“You can’t trust someone if she doesn’t like food. — Anonymous.
But seriously: Like most things on the Internet, it’s probably true. We, like you, (dear reader) like food which explains why we trust each other so much. To that end, cake, one popular guilty pleasure that makes its way into birthdays and office holidays regularly, tops the list of oh-so-good foods that just aren’t that good for you.
That’s about to change. Or at least that’s the claim behind Candice Cake, led by woman-CEO Marina Martyanova, who met with sales success in St. Petersburg, Russia, and is attempting a repeat stateside. Now a resident of New York, we got in on an early taste test of Candice Cake’s vegan, layered chocolate ganache and cream goodness in a glass jar. Video producer Hoss Ghertassi joined, albeit too late. He didn’t get a crumb.
In the accompanying interview Grit Daily takes a deeper dive into what goes into Candice Cakes vegan goodness.
Grit Daily: Candice is a “new” to the US but successful elsewhere. Share that backstory.
Marina Martyanova: I launched Candice in Saint Petersburg, Russia and at that time I was only 21. It’s already been three years that we’re on the market. In Saint Petersburg we’re in around 60% of the retailers and paired up with clients like Starbucks.
Then I came to the US and saw that there’s no product like ours here. This March we launched in NYC. I do truly believe that the future desserts will be healthy, and I’m so excited that we’re one of the first companies so give it to people worldwide.
GD: what’s behind the Candice name?
MM: Candice means plant-based desserts for people who don’t eat sugar for any reason. The desserts come in glass jars and are a great solution for people who have diabetes, obesity or follow a healthy diet. We use only natural and high-quality ingredients like hemp protein, 100% Belgian cocoa mass and gluten-free flour. The desserts have all the layers like an actual cake: ganache, sponges, jam, cream. Instead of sugar, we use monk fruit and erythritol, which are natural sugar substitutes and have glycemic index equal to 0. It’s much better than any syrup or unrefined sugar.
GD: Why focus on cake?
MM: I actually have the story behind the idea — my father has pre-diabetes and I saw him struggling a lot. We never had desserts at home. When guests were visiting us they usually brought a cake or a pie for the table. He never wanted to explain why he doesn’t want that piece of cake, so he always hesitated. The worst part is that he regretted anyways: either the dessert wasn’t “that good and worth it”, or he ended up refusing himself and wanting it more than anything in the world.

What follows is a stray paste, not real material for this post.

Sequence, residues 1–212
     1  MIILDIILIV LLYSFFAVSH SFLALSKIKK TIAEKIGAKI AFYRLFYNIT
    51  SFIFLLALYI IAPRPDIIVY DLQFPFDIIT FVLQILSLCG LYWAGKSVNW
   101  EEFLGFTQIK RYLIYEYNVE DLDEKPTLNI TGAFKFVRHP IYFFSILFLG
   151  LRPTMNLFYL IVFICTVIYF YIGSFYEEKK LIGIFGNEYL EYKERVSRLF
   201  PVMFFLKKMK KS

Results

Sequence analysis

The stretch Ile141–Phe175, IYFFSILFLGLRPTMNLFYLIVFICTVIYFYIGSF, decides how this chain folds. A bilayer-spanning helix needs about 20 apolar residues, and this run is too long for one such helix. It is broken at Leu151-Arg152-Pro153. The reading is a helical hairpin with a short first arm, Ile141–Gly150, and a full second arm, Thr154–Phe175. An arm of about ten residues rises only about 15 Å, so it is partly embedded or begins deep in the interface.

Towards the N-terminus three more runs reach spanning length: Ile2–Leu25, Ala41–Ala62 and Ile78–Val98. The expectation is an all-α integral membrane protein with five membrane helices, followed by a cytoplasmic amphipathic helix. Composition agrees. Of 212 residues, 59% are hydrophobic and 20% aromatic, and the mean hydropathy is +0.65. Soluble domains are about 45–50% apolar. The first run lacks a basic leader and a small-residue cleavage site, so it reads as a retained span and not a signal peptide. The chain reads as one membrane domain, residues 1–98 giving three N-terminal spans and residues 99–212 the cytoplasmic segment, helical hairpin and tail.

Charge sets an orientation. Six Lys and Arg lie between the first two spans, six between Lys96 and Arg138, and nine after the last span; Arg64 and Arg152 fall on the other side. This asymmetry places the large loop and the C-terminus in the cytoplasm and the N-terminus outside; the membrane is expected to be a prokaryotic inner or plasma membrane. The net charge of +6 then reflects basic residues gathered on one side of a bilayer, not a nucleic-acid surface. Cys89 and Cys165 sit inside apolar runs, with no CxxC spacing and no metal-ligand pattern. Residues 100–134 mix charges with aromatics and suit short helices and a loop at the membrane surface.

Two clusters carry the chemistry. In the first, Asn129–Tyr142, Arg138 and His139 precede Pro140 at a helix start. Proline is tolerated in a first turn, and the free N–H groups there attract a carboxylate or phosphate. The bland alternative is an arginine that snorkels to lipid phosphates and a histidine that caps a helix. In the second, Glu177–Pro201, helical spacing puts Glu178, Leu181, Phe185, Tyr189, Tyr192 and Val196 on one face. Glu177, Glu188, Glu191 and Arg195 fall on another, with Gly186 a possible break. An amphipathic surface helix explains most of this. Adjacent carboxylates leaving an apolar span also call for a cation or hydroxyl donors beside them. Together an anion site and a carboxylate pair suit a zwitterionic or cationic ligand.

Once I was told by doctors that I have pre-diabetes, too, and if I keep on eating sugar I’ll become diabetic and eventually die because of it. Very motivating, you know.
They were mistaken – my body just wasn’t used to sugar. But I know how it feels, to be frightened to eat chewing gum as it has some sugar inside.
I saw that there were no healthy alternatives for cakes and decided to change the world for the better. We might go much, much broader in the future, keeping the idea of giving people freedom of choice. So that they can enjoy their life and don’t think about unnecessary things.
GD: Who do you see as your biggest competitors now?
MM: Technically, our competitors are all the manufacturers of healthy snacks or classic desserts. I wouldn’t say that we have big, direct competitors for now.
GD: What facts about your brand are getting conversions?
MM: We create more than just a dessert — we give people freedom. The freedom to listen and truly love themselves. Over 70% of the US population can’t eat a dessert without regretting it afterward. If you think about it, it’s a lot.
We are building a community of people, who enjoy life. They are different ages and have so different interests. If you look at our community, you can find there artists, business owners, designers, analysts, professors, writers, ballet dancers and so many more. They live an active life, have their hobbies, meet with friends, workout, but still find it important to treat their body and soul well. The key here is life in a balance.
Once we did an offline event with our customers. We invited speakers – beauty and wellness experts, productivity coaches – and just had an amazing evening discussing everything that’s important. People started sharing their own experiences, suggested their ideas. I haven’t heard so many ‘thank you’ in my entire life. That’s what motivating. Everything we do and what we are is for people. We want them to be happier and live the full potential, and they feel it.
GD: How are you rolling out your product?
MM: We have three years of experience in retail and food service sales abroad. For the US, we have chosen the food service and direct-to-consumer path. We understood from the beginning, that we need to change the product for the US market, and we so we did. When it comes to food, every nation is unique. The US preferences differ from the Russian so dramatically: the level of sweetness, textures, flavors.
Taking it all into consideration, we will start selling to local coffee shops. That will make easier to communicate with our customers and receive as much feedback as possible.
GD: Can consumers order it online now? Where?
MM: Yes, for now, they can order online on Amazon. In the nearest future, we’ll start selling directly from our website.
Also, the desserts can be found in some places in NYC: Clover Grocery in Greenwich Village, Now or Never coffee shop in SoHo. You can always find the full list on our website.
Looking for more coverage of New York-area startups and want to get in on the action yourselves? Check out Elle Draper’s Lemonelle and join the crew at New York’s Ribalta in Manhattan, May 28.